Former Royal Bank of Scotland boss Sir Fred Goodwin bowed to public pressure today and offered to hand back more than £210,000 a year of his controversial pension payout.
The bank's disgraced ex-chief executive "volunteered" to reduce his pension payout from £555,000 to £342,500 a year, according to RBS.
Sir Fred's pension deal sparked public outrage, leaving him with a £703,000-a-year package - including a £2.7 million lump sum - despite leading the bank to the brink of disaster.
He has previously refused to give up any of his entitlement but is thought to have been under pressure amid the threat of legal action from RBS.
However, RBS claimed he approached the bank himself after being cleared by a recent internal inquiry into his conduct and pension arrangements.
Today's concession will see the total value of his pension pot fall by £4.7 million, described by the bank as "an acceptable amount to all parties".
Chancellor Alistair Darling said: "I'm very glad that RBS have now resolved the matter with Sir Fred Goodwin.
"I think that Sir Fred, in handing back part of his pension, is doing the right thing."
Mr Darling, who was speaking during a visit to Sheffield, added: "What I want to do now is to make sure that we rebuild RBS and all its banking operations, that's absolutely essential, not just for the bank but for the thousands and thousands of people who work for that bank and for the economy as a whole."
RBS is now more than 70% owned by the taxpayer after being hammered by the financial crisis.
It reported record UK losses in 2008 and tens of thousands of staff have lost their jobs.
Sir Fred is believed to be in the south of France having gone to ground since the huge "rewards for failure" row over his pension erupted earlier this year and his house in Edinburgh has been vandalised.
The bank's chairman Sir Philip Hampton said: "On any measure this represents a very substantial reduction to Fred's pension and is an acceptable amount to all parties to the discussion.
"I am very pleased that we have resolved a situation that has been a difficult and unhappy one for all the parties involved, and it is to Fred's credit that he has done this on a voluntary basis."
He added that the row was distracting from the task of recovering the fortunes of the stricken bank.
"This pension arrangement became a symbolic issue, and the focus of unprecedented media and political attention.
"It had to be fixed to allow everyone to focus our energies where they should be, on getting the company back to health," Sir Philip said.
The chairman added that an internal inquiry into Sir Fred's pension, conduct, expenses and use of company assets had concluded recently "there was no conduct on Fred's part that would justify reducing the pension".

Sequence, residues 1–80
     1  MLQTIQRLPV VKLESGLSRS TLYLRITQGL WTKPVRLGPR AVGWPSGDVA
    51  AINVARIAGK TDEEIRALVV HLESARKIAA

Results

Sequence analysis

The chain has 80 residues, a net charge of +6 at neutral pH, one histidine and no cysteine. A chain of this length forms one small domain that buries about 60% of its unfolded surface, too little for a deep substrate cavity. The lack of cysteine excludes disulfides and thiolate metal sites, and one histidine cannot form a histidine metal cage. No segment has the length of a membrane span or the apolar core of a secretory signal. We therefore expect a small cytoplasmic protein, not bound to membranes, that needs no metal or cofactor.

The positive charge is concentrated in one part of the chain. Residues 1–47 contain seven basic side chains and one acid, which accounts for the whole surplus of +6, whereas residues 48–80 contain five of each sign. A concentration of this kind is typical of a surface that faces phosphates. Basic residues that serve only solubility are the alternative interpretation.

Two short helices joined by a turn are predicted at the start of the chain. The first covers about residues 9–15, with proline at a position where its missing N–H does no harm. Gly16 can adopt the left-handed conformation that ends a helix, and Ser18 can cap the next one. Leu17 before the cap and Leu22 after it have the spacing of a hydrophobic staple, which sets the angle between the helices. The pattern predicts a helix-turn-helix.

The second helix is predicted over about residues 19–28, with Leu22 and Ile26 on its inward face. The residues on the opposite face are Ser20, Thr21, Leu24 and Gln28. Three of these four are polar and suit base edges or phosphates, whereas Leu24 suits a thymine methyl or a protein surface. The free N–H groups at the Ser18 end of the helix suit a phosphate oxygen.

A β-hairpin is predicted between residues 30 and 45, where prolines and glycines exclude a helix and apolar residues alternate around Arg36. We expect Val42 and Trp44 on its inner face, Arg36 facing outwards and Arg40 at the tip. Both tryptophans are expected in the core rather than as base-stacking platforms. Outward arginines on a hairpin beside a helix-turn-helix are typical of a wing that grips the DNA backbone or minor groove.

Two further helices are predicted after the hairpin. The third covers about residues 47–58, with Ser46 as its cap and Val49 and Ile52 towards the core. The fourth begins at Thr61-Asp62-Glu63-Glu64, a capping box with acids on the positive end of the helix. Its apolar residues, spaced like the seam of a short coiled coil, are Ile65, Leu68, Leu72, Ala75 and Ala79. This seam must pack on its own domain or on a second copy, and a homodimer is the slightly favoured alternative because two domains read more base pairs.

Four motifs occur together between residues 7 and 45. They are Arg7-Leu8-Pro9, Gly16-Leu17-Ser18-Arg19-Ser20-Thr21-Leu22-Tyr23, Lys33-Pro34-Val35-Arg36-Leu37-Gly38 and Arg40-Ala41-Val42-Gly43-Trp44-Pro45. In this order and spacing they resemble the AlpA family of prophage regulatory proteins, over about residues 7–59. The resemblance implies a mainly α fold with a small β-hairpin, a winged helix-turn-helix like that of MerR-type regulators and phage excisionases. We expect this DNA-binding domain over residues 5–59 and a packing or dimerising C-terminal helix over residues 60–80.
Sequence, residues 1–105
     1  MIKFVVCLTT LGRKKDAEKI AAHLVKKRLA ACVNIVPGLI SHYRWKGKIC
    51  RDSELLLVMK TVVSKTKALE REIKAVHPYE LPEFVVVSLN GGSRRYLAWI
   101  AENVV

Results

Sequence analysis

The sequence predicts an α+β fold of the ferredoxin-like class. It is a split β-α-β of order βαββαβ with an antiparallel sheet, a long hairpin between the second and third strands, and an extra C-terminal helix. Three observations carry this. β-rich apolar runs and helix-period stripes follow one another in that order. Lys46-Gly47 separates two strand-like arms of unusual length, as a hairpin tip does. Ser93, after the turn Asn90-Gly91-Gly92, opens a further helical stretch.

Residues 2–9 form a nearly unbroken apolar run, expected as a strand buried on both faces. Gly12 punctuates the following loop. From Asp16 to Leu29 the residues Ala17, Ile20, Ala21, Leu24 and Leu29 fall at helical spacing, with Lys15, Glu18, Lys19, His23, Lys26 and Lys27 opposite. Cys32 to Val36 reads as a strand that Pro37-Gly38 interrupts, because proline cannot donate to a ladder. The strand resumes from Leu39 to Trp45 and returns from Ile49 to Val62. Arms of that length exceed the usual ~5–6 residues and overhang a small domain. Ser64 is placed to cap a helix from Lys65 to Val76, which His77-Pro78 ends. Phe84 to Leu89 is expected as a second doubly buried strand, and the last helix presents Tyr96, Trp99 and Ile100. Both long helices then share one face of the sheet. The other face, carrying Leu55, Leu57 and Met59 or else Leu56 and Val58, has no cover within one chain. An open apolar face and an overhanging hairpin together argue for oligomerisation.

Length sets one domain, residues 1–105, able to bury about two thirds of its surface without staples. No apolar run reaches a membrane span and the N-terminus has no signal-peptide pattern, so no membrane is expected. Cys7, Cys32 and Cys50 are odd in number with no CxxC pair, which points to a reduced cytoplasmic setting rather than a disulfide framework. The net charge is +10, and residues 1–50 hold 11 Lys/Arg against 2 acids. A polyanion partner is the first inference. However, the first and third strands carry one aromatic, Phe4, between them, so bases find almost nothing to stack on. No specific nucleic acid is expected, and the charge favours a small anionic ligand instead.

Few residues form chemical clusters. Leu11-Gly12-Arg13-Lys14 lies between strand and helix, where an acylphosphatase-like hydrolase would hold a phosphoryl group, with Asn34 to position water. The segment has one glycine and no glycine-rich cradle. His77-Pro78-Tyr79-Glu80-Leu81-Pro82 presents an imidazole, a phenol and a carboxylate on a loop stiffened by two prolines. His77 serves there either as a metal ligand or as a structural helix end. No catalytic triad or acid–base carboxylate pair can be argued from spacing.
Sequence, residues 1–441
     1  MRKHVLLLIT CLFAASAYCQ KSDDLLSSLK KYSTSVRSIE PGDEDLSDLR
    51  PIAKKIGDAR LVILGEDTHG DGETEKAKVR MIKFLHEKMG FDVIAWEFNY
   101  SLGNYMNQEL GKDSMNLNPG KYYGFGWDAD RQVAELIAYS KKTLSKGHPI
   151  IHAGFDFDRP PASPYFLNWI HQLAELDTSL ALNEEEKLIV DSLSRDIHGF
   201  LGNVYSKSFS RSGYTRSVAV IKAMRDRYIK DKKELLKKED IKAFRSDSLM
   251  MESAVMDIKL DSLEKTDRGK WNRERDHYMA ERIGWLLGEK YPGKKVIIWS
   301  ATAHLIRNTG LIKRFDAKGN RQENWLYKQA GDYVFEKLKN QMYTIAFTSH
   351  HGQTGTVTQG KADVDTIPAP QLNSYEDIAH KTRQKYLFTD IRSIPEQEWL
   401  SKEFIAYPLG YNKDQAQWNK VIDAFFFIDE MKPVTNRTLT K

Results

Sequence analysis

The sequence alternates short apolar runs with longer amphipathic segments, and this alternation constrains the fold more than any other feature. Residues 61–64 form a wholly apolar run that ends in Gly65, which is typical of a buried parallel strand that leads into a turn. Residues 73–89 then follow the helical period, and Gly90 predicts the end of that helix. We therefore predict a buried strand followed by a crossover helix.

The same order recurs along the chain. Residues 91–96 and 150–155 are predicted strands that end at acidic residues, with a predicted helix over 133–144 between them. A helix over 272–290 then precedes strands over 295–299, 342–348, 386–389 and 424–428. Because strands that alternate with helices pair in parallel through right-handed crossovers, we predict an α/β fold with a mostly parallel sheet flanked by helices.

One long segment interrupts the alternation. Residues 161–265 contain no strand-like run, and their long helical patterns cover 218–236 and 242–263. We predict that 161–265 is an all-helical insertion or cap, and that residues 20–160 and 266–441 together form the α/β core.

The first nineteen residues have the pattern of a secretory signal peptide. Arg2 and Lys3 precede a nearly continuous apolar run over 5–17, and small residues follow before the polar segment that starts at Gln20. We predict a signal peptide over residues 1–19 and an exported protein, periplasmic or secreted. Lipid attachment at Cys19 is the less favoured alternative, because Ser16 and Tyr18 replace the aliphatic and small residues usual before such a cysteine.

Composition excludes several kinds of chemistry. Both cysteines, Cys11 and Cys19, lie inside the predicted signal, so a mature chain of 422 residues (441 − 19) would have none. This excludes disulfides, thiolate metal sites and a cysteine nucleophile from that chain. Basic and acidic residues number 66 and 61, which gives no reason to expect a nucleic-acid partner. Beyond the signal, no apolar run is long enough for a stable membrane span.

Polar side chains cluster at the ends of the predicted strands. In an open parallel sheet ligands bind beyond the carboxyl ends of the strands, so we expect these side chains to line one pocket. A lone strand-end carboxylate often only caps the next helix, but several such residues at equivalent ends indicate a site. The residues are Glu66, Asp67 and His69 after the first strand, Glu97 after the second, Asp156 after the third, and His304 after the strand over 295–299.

He said Sir Fred had wanted to wait until the conclusion of the inquiry before addressing the issue.
But trade union Unite dismissed news of the pension reduction as a "small gesture".
Rob MacGregor, Unite national officer, said: "For the diabolical failure by Fred Goodwin which led to the near collapse of RBS, this small gesture represents only a fraction of the massive pension that he is walking away with.
"Goodwin will still enjoy a very comfortable future at the expense of the taxpayer."
Sir Fred's offer marks a major climbdown after he denied as early as April that he was considering any voluntary reduction in his pension - a decision that caused outcry given the part he played in the bank's woes.
RBS was heavily exposed to toxic assets and bad debts, and disastrously bought Dutch bank ABN Amro at the top of the market in 2007 before the credit crunch struck.
Sir Fred previously maintained he had a contractual right to the pension and he expected the bank to fulfil its obligations.
In a letter to City Minister Lord Myners in February, he insisted that changes to the early retirement deal he negotiated when he was forced out in the autumn were "not warranted".
The bank and the Treasury have since been taking legal advice on whether they could claw back some of the payment.
Sir Fred agreed to give up a year's salary lump sum which he was due in lieu of notice, as well as certain share-related awards, when he agreed to retire early as the Government stepped in to rescue the beleaguered RBS.
But there was anger over news that the RBS board chose to almost double the size of his pension pot.
If he had been dismissed rather than leaving on agreed terms, his pension would have been substantially less, calculated at an estimated £416,000 a year.
UK Financial Investments, the body charged with managing Government-owned stakes in banks, said: "We agree with the Treasury's view and are glad the bank has now resolved this matter with Sir Fred.
"It was the right thing to do. It is now time to move on and concentrate on getting RBS back to strength."Reuse content